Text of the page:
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Oh, Ji, Yoon, Hyun, Choi, Lim, and Jang: Surface Landmarks do not Correspond to Exact Levels of the Cervical Spine: References According to the Sex, Age and Height

Abstract

Objective

A general orientation along the cervical spine could be estimated by external landmarks, and it was useful, quick and less exposable to radiation, but, sometimes it gave reference confusion of target cervical level. The authors reviewed the corresponding between the neck external landmarks and cervical levels.

Methods

Totally 1,031 cervical lateral radiographs of different patients were reviewed in single university hospital. Its compositions were 534 of males and 497 females; 86 of second decades (10-19 years-old), 169 of third decades, 159 of fourth decades, 209 of fifth decades, 275 of sixth decades, and 133 of more than seventh decades (>60 years-old). Reference external landmarks (mandible, hyoid bone, thyroid cartilage, and cricothyroid membrane) with compounding factors were reviewed.

Results

The reference levels of cervical landmarks were C2.13 with mandible angle, C3.54 with hyoid bone, C5.12 with thyroid cartilage, and C6.01 with cricothyroid membrane. The reference levels of cervical landmarks were differently observed by sex, age, and somatometric measurement (height) accordingly mandible angle from C1 to C3, hyoid bone from disc level of C2 and C3 to C5, thyroid cartilage from disc level of C3 and C4 to C7, and cricothyroid membrane from C4 to disc level of C7 and T1.

Conclusion

Surface landmarks only provide general reference points, but not correspond to exact levels of the cervical spine. Intraoperative fluoroscopy ensures a more precise placement to the targeted cervical level.

INTRODUCTION

The goal of the cervical surgery is to relieve the compression on the nerves and/or spinal cord, and anterior or posterior cervical approach is used to access the cervical spine depend on the type of surgery required6). The advantages of anterior approach is it allows better access to the spine4). The anterior approach can allow the surgeon access to almost the entire cervical spine, and often helps maintain the normal curvature of the spine4). A general orientation along the cervical spine can be estimated by external landmarks2). The textbook of Korean Spinal Neurosurgery Society provide that general external landmarks: the hyoid bone corresponds to C3; the thyroid cartilage corresponds to C4-5; and the cricothyroid membrane identifies the C6 vertebral level3). Cervical spine level estimation according to the external landmarks is useful, quick and less exposable to radiation, but, sometimes cervical level confusion to the target cervical level could be happen. Herein, the authors reviewed the corresponding between the neck external landmarks and cervical levels.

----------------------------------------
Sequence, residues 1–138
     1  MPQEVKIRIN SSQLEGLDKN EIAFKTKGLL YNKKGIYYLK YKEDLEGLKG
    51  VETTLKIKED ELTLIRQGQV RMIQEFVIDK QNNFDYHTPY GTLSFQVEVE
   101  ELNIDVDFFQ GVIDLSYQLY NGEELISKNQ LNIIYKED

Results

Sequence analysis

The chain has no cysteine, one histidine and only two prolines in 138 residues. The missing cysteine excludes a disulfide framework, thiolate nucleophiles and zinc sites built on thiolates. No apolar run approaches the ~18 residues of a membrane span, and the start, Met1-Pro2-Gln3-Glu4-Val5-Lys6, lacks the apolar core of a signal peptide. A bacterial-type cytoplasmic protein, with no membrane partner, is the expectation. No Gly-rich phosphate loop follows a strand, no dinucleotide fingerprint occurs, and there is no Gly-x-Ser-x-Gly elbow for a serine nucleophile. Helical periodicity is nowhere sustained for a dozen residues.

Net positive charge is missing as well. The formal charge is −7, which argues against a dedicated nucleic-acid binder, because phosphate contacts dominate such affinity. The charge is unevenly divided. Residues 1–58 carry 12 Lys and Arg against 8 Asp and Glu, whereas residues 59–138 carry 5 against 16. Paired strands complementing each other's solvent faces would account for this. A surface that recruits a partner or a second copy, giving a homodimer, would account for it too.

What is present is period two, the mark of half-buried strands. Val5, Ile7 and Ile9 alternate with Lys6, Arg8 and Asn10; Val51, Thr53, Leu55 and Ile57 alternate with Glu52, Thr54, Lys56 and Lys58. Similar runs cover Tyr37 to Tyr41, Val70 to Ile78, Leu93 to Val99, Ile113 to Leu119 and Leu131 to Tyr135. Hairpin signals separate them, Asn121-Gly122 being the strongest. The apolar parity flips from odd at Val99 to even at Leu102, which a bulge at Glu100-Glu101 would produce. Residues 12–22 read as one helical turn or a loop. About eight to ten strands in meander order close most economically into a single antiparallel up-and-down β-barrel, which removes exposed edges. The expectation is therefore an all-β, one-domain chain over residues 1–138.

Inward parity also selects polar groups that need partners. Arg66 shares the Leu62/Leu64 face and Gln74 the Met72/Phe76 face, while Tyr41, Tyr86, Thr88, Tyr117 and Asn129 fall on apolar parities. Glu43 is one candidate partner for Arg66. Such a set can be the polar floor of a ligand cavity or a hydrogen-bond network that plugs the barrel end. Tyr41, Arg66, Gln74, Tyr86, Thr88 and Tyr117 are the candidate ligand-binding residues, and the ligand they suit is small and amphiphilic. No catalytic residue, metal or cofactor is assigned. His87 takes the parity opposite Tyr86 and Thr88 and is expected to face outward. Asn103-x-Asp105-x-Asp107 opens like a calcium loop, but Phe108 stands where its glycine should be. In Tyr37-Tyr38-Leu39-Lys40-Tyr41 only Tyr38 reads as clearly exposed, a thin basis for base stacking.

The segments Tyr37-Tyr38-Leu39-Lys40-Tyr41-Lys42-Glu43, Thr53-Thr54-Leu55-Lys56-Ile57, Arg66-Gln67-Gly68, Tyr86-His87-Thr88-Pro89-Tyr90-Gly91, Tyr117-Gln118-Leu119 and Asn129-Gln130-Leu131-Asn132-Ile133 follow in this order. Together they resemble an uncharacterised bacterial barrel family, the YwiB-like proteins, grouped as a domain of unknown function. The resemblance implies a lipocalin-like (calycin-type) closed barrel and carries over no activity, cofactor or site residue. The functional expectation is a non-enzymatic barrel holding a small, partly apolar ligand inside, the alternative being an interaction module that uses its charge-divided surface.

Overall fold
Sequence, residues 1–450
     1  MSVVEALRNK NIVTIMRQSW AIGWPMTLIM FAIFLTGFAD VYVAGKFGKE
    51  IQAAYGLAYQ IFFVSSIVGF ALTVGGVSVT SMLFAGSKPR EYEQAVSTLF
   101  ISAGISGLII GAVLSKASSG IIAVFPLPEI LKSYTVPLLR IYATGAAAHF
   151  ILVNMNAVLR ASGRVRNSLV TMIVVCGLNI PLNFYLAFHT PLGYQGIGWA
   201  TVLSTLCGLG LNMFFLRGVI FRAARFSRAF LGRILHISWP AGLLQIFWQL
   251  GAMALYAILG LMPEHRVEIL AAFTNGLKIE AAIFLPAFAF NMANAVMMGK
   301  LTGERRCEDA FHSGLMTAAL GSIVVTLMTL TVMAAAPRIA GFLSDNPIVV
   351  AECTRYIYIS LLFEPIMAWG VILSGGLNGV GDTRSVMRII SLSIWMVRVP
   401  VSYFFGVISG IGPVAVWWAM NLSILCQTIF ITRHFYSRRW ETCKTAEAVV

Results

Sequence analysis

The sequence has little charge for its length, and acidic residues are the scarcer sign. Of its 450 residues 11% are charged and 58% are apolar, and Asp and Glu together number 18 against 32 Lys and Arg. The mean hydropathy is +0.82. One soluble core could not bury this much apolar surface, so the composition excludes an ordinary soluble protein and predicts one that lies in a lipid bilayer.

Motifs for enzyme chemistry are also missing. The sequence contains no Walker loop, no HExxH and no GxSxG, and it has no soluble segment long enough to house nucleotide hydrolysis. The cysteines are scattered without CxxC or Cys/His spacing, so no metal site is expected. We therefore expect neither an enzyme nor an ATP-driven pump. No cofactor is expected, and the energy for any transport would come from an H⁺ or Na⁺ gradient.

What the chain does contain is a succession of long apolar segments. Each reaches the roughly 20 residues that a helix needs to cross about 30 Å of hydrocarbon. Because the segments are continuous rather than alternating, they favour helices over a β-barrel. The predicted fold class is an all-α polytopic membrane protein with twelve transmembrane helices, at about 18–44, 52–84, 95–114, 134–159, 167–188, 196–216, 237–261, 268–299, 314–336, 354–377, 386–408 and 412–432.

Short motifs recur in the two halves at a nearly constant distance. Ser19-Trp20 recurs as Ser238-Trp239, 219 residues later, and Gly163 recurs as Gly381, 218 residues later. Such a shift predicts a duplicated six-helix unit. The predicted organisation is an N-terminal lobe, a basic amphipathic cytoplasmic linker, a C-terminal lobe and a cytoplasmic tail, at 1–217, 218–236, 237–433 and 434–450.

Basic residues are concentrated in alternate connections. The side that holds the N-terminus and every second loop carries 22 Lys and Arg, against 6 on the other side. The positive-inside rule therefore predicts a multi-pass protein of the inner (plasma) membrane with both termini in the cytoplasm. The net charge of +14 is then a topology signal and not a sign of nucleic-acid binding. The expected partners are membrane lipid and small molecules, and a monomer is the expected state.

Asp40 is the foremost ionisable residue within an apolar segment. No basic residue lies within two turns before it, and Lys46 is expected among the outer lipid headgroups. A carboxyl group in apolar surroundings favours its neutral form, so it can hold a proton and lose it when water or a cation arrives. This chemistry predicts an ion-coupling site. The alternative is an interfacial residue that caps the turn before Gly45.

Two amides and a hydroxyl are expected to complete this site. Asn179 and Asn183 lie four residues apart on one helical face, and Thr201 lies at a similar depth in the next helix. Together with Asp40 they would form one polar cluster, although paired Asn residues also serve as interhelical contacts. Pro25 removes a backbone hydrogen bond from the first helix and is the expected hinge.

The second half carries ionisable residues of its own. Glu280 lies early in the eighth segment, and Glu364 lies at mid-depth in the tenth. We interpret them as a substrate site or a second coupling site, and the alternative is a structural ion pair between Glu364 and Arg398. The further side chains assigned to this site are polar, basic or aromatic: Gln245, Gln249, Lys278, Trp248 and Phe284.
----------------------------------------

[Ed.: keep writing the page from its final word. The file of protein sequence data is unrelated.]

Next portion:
MATERIALS AND METHODS

Between January and December 2013, the authors retrospectively reviewed cervical lateral radiographs which were taken in single university hospital by various cervical problems. All radiographs and the patient's information such as sex, age, and heights were collected using the retrograde medical chart review. The cervical lateral radiographs were checked in the standing position with the closed mouth. The neck external landmarks were defined as mandible angle, hyoid, thyroid, and cricothyroid in radiographs: mandible angle as the posterior border at the junction of the lower border of the ramus of the mandible; hyoid as the superior surface of anterior margin of hyoid; thyroid as the inferior margin of laryngeal incisures; and crocithyroid as the lower border of the laryngeal prominence which connected to median cricothyroid ligament. These landmarks and horizontally lined to cervical spine were corresponded in radiographs, and each reference level were measured as cervical vertebral body level or cervical disc level (Fig. 1). For example, if the horizontal line were corresponded to C3 vertebral level, it was measured as "C3", and if the line were corresponded to the disc level between C5 and C6, it was measured as "C5.5". The authors used the imaging programs for horizontal line drawing between landmarks and cervical level. The results are expressed as the mean±standard deviation. Paired Student t-test was used to assess the statistical differences using SAS software for Windows (SAS Institute Inc., Cary, NC). A p<0.050 was considered significant statistical difference.